Focus on International Students: Elnur strives for academic success and maturity

Elnur Adl ZarabiThis is the second in a series of stories on SUNY Broome’s international students, who come from all over the globe. The college will celebrate International Week from Nov. 13 through 17. International students will share the cuisines of their homeland at the Dining Hall, and will visit the BC Center to read children’s books from their home countries.

Today we meet Elnur Adl Zarabi, an Engineering Science major from Denmark by way of Azerbaijan.

“Where are you from?”

For many Americans, it’s a fraught question because it implies that they are something other, that they come from elsewhere and don’t belong.

Elnur Adl Zarabi meant no offense when he asked his American peers that question, but he was surprised as to the answer. Whatever they looked like or language they spoke, they answered: “I am American.” With his English touched by a slight accent, Zarabi surmised that he, too, could claim to be American – and no one would question that claim.

As an international student, that was a bit hard to grasp at first.

“Here, I’m considered a white person. In Europe, I would be looked at as an immigrant,” explained Zarabi, an Engineering Science major now in his second year at SUNY Broome.

He was born in Copenhagen, Denmark – “our mini-Manhattan,” he joked – to parents from Azerbaijan, a country formerly part of the Soviet Union located on the shores of the Caspian Sea. His mother comes from the Russian-speaking part of the country, and his father from the Iranian portion; the country shares borders with both.

Despite being born and raised in Denmark, he isn’t looked upon as Danish by his peers. But here at SUNY Broome, he’s simply part of the campus community, a high-achieving student in a tough major and eager to succeed.

Elnur speaks English fluently, thanks to a private English-language school he attended before high school. He first learned about SUNY Broome when he and his father visited a family friend in Johnson City, who encouraged Elnur to consider the college as an option.

Zarabi worked in the moving business for a few years after graduating high school, and then helped his mother open a florist shop. When it was time to consider college, he opted for the school he once saw on the other side of the ocean.

Why not college in Denmark, which is famously free? Zarabi said he found higher education in the United States to be tougher and more competitive, with more exams.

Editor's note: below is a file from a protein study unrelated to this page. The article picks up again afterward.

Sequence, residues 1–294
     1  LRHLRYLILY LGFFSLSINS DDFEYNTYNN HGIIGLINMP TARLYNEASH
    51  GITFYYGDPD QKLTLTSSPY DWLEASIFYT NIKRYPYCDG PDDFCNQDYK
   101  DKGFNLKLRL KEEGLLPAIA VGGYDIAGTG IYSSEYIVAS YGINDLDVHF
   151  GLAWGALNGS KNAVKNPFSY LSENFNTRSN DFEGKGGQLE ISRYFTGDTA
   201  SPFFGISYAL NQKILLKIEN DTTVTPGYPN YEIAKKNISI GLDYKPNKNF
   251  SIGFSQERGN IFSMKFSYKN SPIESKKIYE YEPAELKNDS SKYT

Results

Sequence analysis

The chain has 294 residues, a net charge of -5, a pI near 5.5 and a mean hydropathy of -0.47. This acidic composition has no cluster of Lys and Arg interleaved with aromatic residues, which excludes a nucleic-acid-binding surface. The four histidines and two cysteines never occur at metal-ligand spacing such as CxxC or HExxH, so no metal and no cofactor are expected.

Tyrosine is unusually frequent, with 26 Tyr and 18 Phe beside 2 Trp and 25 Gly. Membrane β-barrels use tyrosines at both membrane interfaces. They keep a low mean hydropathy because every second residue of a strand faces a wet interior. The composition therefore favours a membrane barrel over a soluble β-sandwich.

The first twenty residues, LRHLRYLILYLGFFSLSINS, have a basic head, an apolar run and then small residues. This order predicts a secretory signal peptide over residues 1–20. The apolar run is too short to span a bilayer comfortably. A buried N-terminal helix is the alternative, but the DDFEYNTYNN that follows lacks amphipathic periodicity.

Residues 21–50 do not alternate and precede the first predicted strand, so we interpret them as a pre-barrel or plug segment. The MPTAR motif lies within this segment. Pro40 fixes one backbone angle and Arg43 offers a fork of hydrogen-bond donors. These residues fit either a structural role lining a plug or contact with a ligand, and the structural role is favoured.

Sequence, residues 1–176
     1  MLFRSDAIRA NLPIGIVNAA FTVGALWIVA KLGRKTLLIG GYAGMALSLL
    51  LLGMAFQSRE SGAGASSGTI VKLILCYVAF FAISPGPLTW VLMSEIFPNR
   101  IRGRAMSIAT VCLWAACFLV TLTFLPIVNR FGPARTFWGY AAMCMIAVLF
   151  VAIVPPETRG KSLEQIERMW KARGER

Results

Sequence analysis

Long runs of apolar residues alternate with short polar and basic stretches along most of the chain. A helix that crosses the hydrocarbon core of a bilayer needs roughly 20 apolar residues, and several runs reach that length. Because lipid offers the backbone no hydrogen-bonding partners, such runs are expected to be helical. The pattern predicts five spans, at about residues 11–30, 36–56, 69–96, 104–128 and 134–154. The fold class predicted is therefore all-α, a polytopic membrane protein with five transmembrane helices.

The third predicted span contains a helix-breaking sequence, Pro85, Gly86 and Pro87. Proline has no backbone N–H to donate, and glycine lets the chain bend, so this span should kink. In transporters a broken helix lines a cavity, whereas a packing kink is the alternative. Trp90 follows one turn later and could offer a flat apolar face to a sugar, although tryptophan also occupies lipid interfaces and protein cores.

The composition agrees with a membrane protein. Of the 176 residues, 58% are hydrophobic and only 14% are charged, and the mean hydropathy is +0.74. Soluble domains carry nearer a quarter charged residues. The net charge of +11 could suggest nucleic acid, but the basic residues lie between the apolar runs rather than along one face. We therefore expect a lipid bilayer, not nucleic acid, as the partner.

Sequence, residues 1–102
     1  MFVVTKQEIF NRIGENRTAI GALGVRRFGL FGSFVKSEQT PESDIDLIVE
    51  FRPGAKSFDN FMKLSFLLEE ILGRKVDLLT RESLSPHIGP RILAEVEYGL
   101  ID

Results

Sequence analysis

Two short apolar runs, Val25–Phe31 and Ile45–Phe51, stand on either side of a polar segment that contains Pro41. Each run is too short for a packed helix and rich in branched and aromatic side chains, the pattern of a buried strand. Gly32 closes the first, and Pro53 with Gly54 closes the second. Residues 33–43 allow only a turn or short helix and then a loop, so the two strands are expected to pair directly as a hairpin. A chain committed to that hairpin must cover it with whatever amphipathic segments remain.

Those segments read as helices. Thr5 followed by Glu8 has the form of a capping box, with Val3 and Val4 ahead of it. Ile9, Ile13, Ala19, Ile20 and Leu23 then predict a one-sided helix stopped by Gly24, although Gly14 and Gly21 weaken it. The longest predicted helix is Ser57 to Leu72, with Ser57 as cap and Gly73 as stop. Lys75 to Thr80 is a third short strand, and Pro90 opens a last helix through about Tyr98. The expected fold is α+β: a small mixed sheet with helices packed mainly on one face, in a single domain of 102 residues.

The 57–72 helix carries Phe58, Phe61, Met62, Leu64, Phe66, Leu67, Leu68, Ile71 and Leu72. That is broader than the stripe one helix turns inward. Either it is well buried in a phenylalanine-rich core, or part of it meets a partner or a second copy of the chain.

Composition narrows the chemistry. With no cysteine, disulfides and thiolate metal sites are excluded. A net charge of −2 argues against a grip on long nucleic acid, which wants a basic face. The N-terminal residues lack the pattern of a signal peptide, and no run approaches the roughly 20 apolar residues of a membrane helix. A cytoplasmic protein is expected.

“I get more out of it. If I don’t do my homework, I will not pass the class,” he explained. “I’m an overachiever; that’s what my professors call me. I don’t like low grades.”

Adjustment to college life had its own challenges. Back at home, he lived with his parents. In the United States, he lives in his own apartment – with all the responsibilities that come with self-sufficiency, from making food and getting up on time for class, to acquiring car insurance. In the early days, he sometimes forgot to eat, but he’s getting better at taking care of himself, he said.

Going away to college made him more mature on other fronts, too. Initially quite shy, he found guidance from Susan Wellington, Assistant Director of International Admissions, in navigating his American experience.

“It has opened me up a lot, coming here. Many good things have come out of it,” he said.

His studies keep him busy, and he’s on campus from 8 a.m. to 5 p.m. After school, he grabs a workout at the gym, catches a movie or sleeps. Weekends are time to catch up with friends, or play video games – a life pattern that many of his American peers can appreciate.

Looking ahead, he hopes to transfer to Texas Tech University to major in petroleum engineering, with a focus on offshore operations.

There are some things he wish he knew before he came to SUNY Broome as an international student, he mused. Such as: speed limits are strictly enforced. He learned that lesson with the help of some traffic tickets.

“I have a car and I have heavy feet sometimes,” he said a little ruefully.